Why do we have trouble defining what a "person" is? The answer may lie in human evolutionary antiquity. It seems that the neuroscientific and evolutionary evidence for a hard-wired but increasingly dysfunctional idea of personhood is compelling.
It's great when we can disagree in a civilized way, but it's getting pretty hard to avoid the conclusion that the phrase "right-wing logic," as delivered by the GOP and mimicked by Mitt Romney, has become the mother of all oxymorons.
Mississippi's "Initiative 26," the "Personhood Amendment" that goes before the voters of the Magnolia State today, appears doomed under the Constitution -- unless the membership of the Supreme Court changes significantly by the time such a measure reached the Justices.
This week the citizens of Mississippi will vote whether to legally assign the status of "personhood" to any human egg that has been penetrated by a sperm. I hope that if Mississippi awards personhood to fertilized eggs, they will take this seriously.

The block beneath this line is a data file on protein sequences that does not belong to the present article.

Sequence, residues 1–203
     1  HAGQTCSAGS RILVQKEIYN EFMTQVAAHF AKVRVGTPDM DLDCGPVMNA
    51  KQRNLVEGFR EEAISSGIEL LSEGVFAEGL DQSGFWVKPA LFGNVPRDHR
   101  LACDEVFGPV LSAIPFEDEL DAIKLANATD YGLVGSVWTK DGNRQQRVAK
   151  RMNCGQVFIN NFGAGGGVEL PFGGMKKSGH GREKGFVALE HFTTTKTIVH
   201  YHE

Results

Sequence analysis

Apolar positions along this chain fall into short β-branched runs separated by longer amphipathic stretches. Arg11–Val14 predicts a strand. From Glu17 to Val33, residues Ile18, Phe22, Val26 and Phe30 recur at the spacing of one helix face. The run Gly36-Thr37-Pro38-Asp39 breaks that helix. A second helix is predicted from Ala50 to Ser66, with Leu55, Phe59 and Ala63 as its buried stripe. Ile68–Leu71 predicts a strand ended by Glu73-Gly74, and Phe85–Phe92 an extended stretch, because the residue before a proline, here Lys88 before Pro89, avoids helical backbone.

As Mississippi Republicans back away from the personhood ballot initiative that would restrict reproductive rights in the state, Mitt Romney's position on this national issue looks increasingly out-of-touch with a majority of voters.
If we care about home foreclosures, bankruptcies, the national debt, unemployment and human suffering, we should care about stem cell research. All these problems are significantly worsened by chronic (incurable) disease.
Imagine it is November this year, in Colorado. Amendment 62, the "personhood" Amendment, has just been voted into law. A woman is considering making love to her husband-- should she first consult an attorney?
It's illegal for children to collect signatures for ballot initiatives in Colorado. That's why my jaw dropped when I heard a radio host say, "So, my son today got 20 signatures so far. My son, he's 12."
If the anti-choice movement has its way, the moment one sperm eats its way through an egg's outer shell would be the last moment in human development that wouldn't be covered by the Constitution. Unsurprisingly, it's a rather lucrative racket.